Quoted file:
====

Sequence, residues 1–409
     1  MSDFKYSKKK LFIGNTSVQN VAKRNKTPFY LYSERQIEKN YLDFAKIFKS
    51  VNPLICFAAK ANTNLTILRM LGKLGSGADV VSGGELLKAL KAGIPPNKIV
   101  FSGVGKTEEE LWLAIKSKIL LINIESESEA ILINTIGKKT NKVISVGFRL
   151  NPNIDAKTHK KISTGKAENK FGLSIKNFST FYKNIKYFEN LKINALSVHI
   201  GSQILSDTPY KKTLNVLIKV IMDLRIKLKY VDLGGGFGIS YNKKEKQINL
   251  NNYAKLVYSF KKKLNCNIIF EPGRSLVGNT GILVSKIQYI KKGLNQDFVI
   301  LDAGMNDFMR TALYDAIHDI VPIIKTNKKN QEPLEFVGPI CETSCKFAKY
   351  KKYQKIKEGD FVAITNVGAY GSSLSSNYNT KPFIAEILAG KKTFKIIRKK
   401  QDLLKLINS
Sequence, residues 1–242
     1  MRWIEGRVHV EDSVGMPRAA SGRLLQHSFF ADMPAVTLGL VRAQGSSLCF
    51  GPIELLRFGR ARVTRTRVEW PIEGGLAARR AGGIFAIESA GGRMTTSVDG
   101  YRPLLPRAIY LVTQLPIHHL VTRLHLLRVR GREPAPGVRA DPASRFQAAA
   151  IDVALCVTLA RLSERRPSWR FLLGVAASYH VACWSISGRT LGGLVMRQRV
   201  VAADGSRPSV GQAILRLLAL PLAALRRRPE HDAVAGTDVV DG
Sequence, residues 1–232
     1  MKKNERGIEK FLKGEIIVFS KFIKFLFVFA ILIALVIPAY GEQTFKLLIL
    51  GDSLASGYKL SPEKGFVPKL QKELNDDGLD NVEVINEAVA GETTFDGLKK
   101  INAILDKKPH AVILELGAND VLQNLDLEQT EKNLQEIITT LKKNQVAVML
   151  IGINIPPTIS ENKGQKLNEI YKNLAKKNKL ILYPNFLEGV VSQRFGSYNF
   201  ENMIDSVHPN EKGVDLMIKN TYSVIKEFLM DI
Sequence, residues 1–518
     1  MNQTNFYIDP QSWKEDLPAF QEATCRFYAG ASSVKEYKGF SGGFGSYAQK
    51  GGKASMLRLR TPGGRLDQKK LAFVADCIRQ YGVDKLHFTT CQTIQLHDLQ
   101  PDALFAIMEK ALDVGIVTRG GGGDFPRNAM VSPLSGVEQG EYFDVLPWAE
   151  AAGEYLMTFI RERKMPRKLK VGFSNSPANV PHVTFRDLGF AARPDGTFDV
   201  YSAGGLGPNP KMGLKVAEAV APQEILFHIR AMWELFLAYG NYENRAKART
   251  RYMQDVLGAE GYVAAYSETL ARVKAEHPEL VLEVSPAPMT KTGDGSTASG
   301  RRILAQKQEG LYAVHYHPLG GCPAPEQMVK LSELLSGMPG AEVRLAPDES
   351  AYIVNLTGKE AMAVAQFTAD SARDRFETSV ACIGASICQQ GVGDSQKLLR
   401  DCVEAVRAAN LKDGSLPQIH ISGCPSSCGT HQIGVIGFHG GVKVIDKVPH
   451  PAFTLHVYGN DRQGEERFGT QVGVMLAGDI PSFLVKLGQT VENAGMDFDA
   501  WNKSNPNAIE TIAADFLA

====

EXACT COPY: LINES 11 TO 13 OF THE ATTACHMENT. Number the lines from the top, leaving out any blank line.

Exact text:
Sequence, residues 1–242
     1  MRWIEGRVHV EDSVGMPRAA SGRLLQHSFF ADMPAVTLGL VRAQGSSLCF
    51  GPIELLRFGR ARVTRTRVEW PIEGGLAARR AGGIFAIESA GGRMTTSVDG